Because the Mahatma saw non-discrimination and equality as fundamental truths, his influence is seen in the 1948 Universal Declaration of Human Rights. On gender violence, he opined that real change would come only when women affect political deliberations. He would have applauded recent Indian legislation on women’s representation in parliament.
Gandhiji maintained lively correspondence with feminists of the age. He learnt non-violent non-cooperation from his wife who stubbornly resisted his more peculiar notions and ultimately, as he narrates, “cured me of my stupidity in thinking that I was born to rule over her”.
As he viewed illiteracy, illness and poverty as forms of violence, he foresaw the Sustainable Development Goals and because Gandhiji’s non-violence extended to all life, he advocated vegetarianism, presaging today’s environmental and climate debates.
The Mahatma advocated living harmoniously with differences. He mobilised diverse people by appealing to their innate spirituality because non-violence is not just cardinal to Indian-origin faiths but treasured in Islam, Judaism and Christianity. He believed in internationalism but held that equal nations were its foundation, forecasting ongoing ecumenical, globalisation and multilateralism debates.
Non-violence is, therefore, a comprehensive philosophy to refute the need for force – not just a rejection of it.
But how to become non-violent? It implies extraordinary self-control. My saintly forbear, the Sage Kapila, said that “every back must carry its own rod”: not to assault others but for self-chastisement when violent thoughts intruded. Gandhiji believed that the culture of non-violence grew from within individuals, families and communities and could be learnt through practice, foreseeing the UN’s 2001-2010 International Decade for a culture of peace and non-violence for children.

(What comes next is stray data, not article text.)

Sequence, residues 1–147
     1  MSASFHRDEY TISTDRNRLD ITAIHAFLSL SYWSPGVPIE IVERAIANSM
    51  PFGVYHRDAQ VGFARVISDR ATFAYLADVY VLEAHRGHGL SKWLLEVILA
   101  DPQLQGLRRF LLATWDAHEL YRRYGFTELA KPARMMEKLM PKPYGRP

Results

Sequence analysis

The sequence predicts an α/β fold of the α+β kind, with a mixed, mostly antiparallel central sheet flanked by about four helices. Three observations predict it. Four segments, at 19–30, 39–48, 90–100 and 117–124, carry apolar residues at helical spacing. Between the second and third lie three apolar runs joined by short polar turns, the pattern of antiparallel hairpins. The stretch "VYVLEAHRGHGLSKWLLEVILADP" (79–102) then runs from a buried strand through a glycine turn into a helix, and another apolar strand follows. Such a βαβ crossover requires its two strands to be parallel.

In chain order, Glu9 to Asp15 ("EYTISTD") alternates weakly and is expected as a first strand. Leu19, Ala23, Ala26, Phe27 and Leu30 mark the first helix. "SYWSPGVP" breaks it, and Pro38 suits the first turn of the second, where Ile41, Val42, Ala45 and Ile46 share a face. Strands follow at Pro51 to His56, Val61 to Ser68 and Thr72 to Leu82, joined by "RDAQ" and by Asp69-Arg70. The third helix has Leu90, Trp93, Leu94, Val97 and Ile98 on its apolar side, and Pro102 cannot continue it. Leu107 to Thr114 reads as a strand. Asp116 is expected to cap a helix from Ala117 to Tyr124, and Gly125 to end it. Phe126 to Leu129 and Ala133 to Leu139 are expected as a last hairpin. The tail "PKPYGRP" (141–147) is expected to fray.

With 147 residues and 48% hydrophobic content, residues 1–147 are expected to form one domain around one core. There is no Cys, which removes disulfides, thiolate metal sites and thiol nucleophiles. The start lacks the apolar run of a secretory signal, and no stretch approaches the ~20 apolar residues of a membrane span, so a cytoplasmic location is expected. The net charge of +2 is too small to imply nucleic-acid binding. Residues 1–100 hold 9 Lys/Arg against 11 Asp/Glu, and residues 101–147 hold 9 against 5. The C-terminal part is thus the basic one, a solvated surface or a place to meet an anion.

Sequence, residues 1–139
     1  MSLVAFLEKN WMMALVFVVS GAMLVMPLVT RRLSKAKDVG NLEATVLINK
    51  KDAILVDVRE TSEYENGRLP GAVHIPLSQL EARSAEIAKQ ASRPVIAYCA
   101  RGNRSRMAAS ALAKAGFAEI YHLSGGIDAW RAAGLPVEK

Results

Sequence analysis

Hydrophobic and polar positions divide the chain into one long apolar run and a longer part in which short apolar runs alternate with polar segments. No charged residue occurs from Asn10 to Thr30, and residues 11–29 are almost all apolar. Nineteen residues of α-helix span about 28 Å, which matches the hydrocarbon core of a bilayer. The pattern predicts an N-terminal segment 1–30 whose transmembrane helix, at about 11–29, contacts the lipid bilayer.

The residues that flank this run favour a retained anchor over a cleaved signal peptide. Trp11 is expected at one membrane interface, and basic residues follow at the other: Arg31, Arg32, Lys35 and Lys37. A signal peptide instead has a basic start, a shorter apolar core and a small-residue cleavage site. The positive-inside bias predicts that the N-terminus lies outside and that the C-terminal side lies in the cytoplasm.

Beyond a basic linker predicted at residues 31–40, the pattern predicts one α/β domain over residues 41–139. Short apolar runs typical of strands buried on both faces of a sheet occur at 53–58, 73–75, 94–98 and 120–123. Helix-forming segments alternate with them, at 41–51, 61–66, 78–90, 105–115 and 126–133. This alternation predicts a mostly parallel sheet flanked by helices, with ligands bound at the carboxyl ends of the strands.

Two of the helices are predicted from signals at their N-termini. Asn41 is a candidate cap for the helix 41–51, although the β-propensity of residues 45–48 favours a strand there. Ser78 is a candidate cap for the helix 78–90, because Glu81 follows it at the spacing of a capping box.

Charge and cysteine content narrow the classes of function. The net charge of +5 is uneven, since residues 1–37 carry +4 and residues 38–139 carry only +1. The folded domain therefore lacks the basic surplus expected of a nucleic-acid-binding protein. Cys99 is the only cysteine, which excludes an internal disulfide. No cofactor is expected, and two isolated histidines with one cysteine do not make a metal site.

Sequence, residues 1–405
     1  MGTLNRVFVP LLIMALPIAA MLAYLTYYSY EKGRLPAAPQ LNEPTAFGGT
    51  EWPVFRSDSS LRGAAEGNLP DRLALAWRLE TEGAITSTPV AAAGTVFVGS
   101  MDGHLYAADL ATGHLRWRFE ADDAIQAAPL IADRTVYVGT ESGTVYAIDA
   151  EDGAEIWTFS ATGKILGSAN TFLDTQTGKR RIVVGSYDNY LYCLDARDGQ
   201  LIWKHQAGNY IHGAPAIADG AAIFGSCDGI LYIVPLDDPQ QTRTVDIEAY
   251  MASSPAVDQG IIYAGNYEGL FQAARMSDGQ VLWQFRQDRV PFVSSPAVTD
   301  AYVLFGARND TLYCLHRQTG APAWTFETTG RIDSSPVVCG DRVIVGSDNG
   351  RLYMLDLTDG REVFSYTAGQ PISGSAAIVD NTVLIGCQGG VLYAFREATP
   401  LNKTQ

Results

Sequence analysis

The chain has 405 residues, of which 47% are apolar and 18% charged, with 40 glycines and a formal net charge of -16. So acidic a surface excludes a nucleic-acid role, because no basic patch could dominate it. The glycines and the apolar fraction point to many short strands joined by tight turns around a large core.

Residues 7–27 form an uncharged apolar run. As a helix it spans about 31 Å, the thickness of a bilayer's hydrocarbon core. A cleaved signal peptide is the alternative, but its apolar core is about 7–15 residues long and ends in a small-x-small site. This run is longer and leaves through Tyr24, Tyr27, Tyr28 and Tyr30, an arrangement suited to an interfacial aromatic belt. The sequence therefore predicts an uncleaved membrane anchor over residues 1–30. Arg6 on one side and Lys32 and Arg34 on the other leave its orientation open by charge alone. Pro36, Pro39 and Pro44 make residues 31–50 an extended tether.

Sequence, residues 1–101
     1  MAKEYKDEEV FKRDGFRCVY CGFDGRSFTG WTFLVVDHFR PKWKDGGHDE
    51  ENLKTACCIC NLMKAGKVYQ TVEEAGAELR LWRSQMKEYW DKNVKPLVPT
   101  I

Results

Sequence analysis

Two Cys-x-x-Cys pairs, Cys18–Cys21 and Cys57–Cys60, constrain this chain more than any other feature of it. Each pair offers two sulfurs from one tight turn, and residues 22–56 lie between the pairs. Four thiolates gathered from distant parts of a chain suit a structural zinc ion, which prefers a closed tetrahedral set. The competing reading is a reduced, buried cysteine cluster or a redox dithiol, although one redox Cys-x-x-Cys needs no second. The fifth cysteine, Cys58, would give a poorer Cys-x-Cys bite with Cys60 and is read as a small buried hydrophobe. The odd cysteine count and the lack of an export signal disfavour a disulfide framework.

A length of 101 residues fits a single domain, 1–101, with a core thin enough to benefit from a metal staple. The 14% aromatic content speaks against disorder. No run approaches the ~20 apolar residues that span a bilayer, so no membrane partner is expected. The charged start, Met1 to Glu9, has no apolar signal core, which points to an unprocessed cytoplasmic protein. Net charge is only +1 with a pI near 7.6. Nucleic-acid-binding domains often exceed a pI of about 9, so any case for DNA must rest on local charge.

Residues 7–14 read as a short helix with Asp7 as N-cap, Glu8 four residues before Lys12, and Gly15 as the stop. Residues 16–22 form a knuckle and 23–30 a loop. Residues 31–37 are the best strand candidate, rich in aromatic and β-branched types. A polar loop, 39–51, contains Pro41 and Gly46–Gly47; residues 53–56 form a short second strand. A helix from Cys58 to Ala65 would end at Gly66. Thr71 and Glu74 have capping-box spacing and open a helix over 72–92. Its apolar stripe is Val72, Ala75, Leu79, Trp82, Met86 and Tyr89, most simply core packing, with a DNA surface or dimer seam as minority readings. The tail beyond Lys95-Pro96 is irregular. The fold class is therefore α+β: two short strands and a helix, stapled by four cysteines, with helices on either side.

The techniques of nonviolent non-cooperation have had successes in decolonisation struggles, and later pro-democracy movements in the Philippines, Indonesia, Chile, Nepal and Ukraine. Nelson Mandela called Gandhiji his role model when opposing apartheid. Labour movements often use non-violent non-cooperation and even US President Joe Biden joined the picket-line of striking auto workers.
Unarmed civilian peacekeeping is an alternative to UN armed peacekeeping as I saw with intra-Kurdish conflict in Northern Iraq and in South Sudan during my time as Chair of Non-violent Peaceforce that works alongside communities to interrupt and prevent violence.
But non-violence is not a panacea. It is hard to imagine it working against the Nazis. The exceptional evil of genocide is not amenable to moral appeals when morality itself has perished. Thus, no genocides end except by use of force. Perhaps that is where non-violence faces limits and “just war” becomes necessary.
In other conflicts, could non-violence provide solutions? Could Palestinian history evolve differently if violent confrontations were abjured? Will the Taliban change heart now that violent external actors are gone? Would Ethiopia find its way if fractious communities relinquish violence? Could Africans suffering coups find non-violent routes back to democracy? Could domestic Russian resistance bring a non-violent shift to the Ukraine aggression? How is non-violence better than armed deterrence to keep peace in the Pacific?
We don’t know. But with current violent trajectories not getting anywhere, Gandhiji, who saw his life as “experiments with truth” (the title of his autobiography), would encourage giving non-violence a try. And when it fails, to try again.
Non-violence is a journey, not the destination. What is there to lose along the way, except violence itself?